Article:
Coordinates: 36°17′56.4″N 30°21′17.3″E / 36.299000°N 30.354806°E Gagae or Gagai (Ancient Greek: Γάγαι) was a town on the southeast coast of ancient Lycia, in what is now the province of Antalya, from which the Gagates lapis derived its name. The ruins are located in Kumluca district, Antalya Province, Turkey. Excavations in 2007 revealed an upper and lower acropolis and evidence of Rhodian colonization.
Several ancient authors (Pliny the Elder, Pedanius Dioscorides, Galenos, Oribasius and Aetios) mention "the stone of Gagates" (λίθος γαγάτης, translit. líthos gagátis) as being able to drive serpents away, diagnose epilepsy, calm the women down in their hysterias, evacuate worms, ease heart problems and heal the gynaecological diseases. It was also used in jewellery. The stone was found by the estuary of a river called Gages, near to Gagai, and named after the river. It is described as a modern jet stone, which fits perfectly with ancient descriptions. Although it is a form of lignite, containing bitumen and petroleum, it is not used for heating. However, there has been no evidence concerning the location of Gages River and Gagates mine, though there are suggestions for Gages as it may be the ancient name of the Alakır Çay ("Alakir River") or Gavur Kayı.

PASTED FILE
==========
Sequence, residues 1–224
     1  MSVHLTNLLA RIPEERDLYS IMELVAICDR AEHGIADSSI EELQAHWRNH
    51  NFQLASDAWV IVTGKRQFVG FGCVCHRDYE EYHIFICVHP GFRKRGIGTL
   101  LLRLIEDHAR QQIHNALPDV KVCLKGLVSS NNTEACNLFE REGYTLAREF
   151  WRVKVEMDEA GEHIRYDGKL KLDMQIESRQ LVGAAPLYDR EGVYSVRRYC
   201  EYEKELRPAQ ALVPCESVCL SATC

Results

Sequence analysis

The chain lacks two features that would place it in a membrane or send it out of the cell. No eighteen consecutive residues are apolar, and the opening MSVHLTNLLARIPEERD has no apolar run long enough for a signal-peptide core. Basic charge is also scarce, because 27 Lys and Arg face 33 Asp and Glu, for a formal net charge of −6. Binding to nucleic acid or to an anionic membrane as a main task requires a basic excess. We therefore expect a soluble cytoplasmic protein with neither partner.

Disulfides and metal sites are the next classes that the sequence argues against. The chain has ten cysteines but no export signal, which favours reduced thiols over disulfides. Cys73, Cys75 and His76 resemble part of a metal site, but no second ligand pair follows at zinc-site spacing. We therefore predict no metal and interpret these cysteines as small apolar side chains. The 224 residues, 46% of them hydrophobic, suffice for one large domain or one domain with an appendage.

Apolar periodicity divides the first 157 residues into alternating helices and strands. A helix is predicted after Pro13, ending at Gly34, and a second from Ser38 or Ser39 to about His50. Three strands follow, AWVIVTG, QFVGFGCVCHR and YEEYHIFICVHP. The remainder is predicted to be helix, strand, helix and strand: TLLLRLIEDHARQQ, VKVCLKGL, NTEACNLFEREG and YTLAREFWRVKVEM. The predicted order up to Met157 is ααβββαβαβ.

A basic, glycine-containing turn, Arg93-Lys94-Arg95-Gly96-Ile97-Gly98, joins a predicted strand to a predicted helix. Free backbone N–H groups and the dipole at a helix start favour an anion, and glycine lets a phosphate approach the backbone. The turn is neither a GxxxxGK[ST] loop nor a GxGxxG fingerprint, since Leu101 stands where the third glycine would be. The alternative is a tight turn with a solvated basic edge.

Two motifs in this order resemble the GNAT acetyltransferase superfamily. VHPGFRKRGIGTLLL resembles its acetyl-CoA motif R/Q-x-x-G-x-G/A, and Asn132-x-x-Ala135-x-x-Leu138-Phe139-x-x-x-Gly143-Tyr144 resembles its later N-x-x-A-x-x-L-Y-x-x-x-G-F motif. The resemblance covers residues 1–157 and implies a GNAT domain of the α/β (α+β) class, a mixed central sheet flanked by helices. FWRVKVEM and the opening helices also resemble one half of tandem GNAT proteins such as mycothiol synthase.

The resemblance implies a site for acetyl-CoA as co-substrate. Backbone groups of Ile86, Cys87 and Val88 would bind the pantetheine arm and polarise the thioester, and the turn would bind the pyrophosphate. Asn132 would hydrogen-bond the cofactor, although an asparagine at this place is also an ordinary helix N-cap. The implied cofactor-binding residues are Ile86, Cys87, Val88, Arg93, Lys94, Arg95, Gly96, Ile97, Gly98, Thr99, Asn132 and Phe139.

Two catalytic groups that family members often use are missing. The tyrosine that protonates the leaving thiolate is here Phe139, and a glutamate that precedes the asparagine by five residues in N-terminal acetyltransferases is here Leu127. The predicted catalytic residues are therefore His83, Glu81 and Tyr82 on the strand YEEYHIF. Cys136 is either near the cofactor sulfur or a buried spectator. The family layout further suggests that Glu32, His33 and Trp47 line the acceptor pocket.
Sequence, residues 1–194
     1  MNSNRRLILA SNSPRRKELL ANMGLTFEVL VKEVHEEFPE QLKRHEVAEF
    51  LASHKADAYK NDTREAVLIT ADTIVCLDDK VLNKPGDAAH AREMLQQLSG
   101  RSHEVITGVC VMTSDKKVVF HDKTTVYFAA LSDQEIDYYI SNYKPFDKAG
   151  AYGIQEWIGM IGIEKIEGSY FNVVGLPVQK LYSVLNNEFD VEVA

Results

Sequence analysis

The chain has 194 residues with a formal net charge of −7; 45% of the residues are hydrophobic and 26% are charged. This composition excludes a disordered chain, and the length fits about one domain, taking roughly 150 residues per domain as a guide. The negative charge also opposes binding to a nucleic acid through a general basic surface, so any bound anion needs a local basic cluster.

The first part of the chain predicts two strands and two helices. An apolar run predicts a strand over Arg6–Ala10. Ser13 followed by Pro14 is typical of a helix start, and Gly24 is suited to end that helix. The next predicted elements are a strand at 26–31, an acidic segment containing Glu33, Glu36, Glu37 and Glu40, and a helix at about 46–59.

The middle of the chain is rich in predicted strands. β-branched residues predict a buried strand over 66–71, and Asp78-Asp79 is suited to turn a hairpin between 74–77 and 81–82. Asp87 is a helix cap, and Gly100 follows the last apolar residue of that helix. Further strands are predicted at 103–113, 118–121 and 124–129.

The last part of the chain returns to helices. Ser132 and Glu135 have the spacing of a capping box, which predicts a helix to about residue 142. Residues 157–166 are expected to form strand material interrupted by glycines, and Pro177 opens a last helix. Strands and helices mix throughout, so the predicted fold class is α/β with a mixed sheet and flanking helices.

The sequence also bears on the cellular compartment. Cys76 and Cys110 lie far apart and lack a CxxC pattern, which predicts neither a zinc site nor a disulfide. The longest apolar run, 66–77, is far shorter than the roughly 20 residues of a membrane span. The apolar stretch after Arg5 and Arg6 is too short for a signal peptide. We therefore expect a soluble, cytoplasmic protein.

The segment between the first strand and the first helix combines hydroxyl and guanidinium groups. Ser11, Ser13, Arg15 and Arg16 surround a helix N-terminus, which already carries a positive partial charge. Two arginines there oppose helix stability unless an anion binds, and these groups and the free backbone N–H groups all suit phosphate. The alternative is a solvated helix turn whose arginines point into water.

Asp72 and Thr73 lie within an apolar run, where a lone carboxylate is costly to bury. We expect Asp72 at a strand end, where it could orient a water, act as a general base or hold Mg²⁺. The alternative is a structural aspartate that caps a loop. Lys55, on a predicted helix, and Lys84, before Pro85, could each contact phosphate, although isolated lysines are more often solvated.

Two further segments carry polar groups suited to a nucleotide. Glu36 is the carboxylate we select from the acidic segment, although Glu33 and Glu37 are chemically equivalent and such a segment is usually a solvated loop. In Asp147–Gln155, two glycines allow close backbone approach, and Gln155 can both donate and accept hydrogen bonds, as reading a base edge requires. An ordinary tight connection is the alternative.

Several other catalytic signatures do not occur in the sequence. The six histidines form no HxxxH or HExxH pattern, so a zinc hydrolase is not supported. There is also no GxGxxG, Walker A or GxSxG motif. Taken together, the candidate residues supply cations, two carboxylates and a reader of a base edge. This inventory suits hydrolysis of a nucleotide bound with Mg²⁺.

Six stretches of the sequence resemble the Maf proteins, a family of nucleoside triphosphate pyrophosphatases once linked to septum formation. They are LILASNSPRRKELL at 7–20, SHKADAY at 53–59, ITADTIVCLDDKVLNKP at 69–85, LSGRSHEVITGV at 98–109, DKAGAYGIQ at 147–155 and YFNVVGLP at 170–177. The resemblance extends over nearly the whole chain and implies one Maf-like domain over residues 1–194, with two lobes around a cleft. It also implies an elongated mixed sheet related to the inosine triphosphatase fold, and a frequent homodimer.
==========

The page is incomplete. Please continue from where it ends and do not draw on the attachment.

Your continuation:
- ^ Pliny. Naturalis Historia. Vol. 5.18, 36.34.
- ^ Stephanus of Byzantium. Ethnica. Vol. s. v.
- ^ Çevik, Nevzat ; Bulut, Süleyman. The rediscovery of GAGAE / ‘GAXE’ in the south-east corner of Lycia. New finds from the total surface surveys. Adalya - The Annual of the Suna & İnan Kıraç Research Center for Mediterranean Civilizations # XI. Istanbul, 2008, p. 63-98.
- ^ Onur, Fatih. Gagates: θαυμάσιος λίθος. Antikçağ’da Meşhur bir Taşın Kullanım Alanları ve Yataklarının Yeriyle İlgili Bir Değerlendirme (abstract in English). Adalya - The Annual of the Suna & İnan Kıraç Research Center for Mediterranean Civilizations # XIV. Istanbul, January 2011, p 103-118.
This article incorporates text from a publication now in the public domain: Smith, William, ed. (1854–1857). "Gagae". Dictionary of Greek and Roman Geography. London: John Murray.